Categories: Beauty, Consumer, Canada
OTTAWA - Health Minister Ujjal Dosanjh announced today amendments to the Cosmetic Regulations which will require all cosmetic products sold in Canada to list the ingredients on the label. A two-year implementation period has been allowed for industry to comply with the new requirements. These regulations were published in Canada Gazette, Part II, on December 1, 2004. They will come into force on November 16, 2006.
"Mandatory labelling of cosmetic ingredients will increase consumer safety by allowing the public to make more informed choices when selecting cosmetic products," said Minister Dosanjh. "This will enable medical professionals to refer to a common chemical name for the purpose of treatment and incidence reporting, and will also enable the public to easily identify ingredients to which they may have sensitivities. This initiative will also harmonize our cosmetic labelling with many of our trading partners."
Cosmetics are defined as "any substance or mixture of substances manufactured, sold or represented for use in cleansing, improving or altering the complexion, skin, hair or teeth and includes deodorants and perfumes." Estimated sales of cosmetics in Canada total over $5.3 billion annually. All of these products, including both beauty preparations (make-up, perfume, skin cream, nail polish) and grooming aids (soap, shampoo, deodorant) will be required to meet the new regulations.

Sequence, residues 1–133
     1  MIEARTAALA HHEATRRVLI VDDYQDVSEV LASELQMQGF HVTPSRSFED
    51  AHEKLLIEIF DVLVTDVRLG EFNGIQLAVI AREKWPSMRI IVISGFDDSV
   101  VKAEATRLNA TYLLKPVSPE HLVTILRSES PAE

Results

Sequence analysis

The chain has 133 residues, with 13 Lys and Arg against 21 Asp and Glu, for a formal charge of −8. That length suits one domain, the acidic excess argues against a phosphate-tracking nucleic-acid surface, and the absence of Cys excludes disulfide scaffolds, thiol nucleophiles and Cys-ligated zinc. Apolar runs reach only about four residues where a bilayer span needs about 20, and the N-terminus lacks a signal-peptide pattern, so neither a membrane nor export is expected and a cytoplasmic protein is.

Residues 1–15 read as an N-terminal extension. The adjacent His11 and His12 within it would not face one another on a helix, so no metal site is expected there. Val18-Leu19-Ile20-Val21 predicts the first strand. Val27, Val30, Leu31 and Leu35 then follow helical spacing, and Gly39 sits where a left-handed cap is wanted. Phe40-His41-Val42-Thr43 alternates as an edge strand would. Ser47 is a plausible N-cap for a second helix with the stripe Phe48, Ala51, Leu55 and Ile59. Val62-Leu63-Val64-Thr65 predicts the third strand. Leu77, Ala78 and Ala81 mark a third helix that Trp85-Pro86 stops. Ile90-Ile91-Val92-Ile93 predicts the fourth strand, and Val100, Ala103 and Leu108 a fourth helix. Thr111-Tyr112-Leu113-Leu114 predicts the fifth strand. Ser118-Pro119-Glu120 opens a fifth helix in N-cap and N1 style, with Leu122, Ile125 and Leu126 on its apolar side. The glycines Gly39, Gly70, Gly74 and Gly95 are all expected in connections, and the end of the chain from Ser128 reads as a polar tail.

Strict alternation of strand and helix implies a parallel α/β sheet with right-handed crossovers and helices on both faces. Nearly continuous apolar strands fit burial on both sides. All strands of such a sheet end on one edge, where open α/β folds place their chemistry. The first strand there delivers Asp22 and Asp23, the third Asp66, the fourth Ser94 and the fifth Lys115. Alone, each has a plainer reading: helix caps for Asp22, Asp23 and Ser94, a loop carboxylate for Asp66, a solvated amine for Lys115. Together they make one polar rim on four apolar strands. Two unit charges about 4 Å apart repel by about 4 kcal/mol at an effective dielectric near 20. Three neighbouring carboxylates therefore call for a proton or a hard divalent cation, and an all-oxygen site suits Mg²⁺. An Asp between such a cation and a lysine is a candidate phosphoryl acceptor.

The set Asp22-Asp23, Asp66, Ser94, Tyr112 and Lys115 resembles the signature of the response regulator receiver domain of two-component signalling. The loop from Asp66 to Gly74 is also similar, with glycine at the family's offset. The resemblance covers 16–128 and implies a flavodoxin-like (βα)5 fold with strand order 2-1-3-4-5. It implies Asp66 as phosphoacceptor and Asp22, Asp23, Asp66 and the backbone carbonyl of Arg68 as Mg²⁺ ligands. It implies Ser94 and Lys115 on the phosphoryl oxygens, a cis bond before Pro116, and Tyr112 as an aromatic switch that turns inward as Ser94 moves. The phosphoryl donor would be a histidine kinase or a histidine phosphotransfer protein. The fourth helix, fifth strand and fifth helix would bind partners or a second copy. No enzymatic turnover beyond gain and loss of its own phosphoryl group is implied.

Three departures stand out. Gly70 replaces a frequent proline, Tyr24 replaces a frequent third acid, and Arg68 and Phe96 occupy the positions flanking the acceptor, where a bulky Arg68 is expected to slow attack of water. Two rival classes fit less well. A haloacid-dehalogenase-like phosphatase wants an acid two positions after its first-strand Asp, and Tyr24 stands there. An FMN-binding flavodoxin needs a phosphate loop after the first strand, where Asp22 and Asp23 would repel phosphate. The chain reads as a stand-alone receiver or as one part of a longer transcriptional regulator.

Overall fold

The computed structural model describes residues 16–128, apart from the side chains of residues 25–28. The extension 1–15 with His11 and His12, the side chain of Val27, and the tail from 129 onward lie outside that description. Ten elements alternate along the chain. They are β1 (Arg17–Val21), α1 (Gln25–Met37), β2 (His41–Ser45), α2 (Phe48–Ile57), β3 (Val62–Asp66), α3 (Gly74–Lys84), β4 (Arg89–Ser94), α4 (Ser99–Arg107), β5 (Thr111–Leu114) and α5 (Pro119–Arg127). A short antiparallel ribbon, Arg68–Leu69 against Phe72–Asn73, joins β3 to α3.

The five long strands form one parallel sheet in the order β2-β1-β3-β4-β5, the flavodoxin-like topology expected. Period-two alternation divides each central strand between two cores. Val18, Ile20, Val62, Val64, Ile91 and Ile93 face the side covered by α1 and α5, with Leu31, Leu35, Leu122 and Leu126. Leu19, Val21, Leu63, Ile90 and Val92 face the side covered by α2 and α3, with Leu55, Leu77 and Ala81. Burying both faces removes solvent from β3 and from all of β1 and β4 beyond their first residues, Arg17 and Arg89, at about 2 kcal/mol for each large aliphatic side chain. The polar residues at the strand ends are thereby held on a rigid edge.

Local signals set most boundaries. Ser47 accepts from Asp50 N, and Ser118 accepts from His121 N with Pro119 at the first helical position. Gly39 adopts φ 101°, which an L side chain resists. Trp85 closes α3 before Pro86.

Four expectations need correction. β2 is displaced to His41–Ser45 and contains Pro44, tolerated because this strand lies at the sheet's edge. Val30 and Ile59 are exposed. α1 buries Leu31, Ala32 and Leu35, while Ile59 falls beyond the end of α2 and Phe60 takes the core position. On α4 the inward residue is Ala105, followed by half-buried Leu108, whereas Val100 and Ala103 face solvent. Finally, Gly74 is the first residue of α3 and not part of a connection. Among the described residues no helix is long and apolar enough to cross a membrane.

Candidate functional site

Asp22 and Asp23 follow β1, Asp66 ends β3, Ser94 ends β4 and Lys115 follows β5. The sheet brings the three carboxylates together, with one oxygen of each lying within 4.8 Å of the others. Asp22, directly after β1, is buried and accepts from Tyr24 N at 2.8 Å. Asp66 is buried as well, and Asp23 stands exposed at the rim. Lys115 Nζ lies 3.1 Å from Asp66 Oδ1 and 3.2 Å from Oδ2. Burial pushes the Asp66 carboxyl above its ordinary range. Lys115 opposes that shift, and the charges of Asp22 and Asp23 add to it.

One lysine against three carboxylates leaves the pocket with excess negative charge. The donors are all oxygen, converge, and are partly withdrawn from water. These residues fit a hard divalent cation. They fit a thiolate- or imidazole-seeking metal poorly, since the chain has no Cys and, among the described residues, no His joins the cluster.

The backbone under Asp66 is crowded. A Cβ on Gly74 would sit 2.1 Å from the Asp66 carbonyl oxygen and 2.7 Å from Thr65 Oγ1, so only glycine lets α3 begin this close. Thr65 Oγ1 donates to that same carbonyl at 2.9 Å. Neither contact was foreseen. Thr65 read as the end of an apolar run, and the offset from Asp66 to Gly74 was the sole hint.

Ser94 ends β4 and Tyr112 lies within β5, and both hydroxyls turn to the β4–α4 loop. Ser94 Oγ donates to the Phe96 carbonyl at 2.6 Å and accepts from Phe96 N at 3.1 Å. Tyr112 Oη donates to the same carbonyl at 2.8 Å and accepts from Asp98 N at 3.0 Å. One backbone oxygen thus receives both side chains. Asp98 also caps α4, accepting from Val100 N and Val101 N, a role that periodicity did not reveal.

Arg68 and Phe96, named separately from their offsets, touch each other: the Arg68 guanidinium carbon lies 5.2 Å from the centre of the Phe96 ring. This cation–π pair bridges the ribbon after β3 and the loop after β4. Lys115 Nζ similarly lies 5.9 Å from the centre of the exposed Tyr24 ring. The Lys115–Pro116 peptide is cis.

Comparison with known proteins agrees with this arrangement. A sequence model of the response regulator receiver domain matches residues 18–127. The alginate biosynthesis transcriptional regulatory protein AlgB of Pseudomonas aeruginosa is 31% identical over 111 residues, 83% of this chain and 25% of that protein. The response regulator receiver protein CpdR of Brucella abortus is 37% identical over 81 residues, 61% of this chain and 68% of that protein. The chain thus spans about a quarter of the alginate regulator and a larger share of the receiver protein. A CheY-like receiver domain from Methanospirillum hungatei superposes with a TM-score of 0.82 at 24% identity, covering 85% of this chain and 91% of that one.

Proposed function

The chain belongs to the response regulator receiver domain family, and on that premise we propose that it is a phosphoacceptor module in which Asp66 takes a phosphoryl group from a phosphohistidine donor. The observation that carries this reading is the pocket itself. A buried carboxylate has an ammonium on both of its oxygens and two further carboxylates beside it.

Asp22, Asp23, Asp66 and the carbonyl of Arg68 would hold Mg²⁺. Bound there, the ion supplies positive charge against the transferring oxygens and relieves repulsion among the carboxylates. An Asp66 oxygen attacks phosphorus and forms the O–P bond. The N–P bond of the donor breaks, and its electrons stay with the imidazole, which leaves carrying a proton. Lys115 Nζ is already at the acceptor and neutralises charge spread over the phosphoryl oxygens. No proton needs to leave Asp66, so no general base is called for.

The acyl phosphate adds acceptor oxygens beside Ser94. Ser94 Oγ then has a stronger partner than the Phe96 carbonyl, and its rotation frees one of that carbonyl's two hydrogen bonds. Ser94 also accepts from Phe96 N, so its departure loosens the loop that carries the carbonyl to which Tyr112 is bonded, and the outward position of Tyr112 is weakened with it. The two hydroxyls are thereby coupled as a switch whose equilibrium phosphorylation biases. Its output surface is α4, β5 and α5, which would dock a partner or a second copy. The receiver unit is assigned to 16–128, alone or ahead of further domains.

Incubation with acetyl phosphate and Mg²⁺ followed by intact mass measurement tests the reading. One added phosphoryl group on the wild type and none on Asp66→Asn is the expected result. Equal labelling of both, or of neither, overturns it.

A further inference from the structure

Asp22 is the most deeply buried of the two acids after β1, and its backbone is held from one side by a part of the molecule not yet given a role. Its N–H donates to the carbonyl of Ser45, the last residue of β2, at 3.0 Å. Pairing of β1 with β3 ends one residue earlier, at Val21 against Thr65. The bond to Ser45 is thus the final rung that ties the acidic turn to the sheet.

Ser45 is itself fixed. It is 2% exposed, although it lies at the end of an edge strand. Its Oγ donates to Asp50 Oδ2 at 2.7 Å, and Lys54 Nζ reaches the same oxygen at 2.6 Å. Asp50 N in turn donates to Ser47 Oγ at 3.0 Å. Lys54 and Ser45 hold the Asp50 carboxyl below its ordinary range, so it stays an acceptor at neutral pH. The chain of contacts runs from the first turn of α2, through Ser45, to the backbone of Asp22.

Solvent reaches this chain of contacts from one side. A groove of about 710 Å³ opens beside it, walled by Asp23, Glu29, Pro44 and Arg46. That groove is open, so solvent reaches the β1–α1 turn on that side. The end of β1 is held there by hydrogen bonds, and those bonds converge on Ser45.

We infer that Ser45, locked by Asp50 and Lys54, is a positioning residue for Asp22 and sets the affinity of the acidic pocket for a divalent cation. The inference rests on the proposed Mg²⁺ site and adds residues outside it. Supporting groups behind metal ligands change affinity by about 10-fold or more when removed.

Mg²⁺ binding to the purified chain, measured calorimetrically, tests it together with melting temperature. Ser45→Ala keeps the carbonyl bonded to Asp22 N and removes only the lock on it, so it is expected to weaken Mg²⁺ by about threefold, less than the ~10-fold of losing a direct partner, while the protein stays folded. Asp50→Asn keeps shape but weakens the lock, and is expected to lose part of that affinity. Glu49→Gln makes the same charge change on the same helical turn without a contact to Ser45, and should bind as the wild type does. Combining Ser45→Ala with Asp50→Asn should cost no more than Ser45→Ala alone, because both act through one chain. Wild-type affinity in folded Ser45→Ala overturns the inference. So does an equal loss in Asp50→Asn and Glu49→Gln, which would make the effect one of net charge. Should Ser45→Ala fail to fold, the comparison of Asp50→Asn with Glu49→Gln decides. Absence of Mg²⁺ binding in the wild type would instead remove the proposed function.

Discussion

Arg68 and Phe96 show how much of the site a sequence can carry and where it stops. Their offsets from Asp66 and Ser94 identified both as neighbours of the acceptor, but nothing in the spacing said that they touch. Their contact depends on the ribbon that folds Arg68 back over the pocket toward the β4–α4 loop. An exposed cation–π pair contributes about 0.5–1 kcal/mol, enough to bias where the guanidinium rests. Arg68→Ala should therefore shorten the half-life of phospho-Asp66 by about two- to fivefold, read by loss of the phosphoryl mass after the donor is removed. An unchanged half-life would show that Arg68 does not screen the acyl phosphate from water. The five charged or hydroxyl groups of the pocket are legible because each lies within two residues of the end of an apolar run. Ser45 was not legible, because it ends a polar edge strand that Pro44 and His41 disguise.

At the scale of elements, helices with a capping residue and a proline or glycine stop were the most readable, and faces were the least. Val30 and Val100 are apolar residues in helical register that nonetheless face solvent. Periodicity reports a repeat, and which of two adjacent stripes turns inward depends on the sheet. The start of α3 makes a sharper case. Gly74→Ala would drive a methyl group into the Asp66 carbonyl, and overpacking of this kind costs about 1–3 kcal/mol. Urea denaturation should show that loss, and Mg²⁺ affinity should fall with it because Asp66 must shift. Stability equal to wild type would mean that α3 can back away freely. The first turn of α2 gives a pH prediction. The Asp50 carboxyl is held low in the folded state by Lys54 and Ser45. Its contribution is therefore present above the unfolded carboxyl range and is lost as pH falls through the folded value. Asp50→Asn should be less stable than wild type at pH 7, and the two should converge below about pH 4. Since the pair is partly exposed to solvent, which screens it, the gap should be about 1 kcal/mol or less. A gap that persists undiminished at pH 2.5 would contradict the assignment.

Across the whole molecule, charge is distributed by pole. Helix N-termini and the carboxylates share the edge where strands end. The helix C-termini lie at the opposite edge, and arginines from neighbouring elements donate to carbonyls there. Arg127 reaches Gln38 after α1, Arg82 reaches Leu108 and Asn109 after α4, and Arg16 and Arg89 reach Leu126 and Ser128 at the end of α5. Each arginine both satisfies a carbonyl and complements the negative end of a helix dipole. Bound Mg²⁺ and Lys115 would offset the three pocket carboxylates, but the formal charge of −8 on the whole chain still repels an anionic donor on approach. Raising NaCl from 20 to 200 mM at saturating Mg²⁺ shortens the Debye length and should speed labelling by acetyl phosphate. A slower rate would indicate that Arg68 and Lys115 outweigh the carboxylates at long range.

Under the proposed amendments, ingredients must be disclosed on the cosmetic labels using recognized names from the International Nomenclature of Cosmetic Ingredients (INCI) system (as found in the International Cosmetic Ingredient Dictionary and Handbook, Tenth Edition). INCI is used in the United States, the European Union, Japan, and many other countries.
Health Canada has consulted a broad spectrum of Canadians over several years, including industry, consumer groups, and medical professionals. Medical professionals, such as dermatologists, and consumer groups strongly support ingredient disclosure. The industry is similarly supportive of the regulatory amendment because it will result in more uniform international labelling requirements.
The new regulations can be found on the Canada Gazette Web site.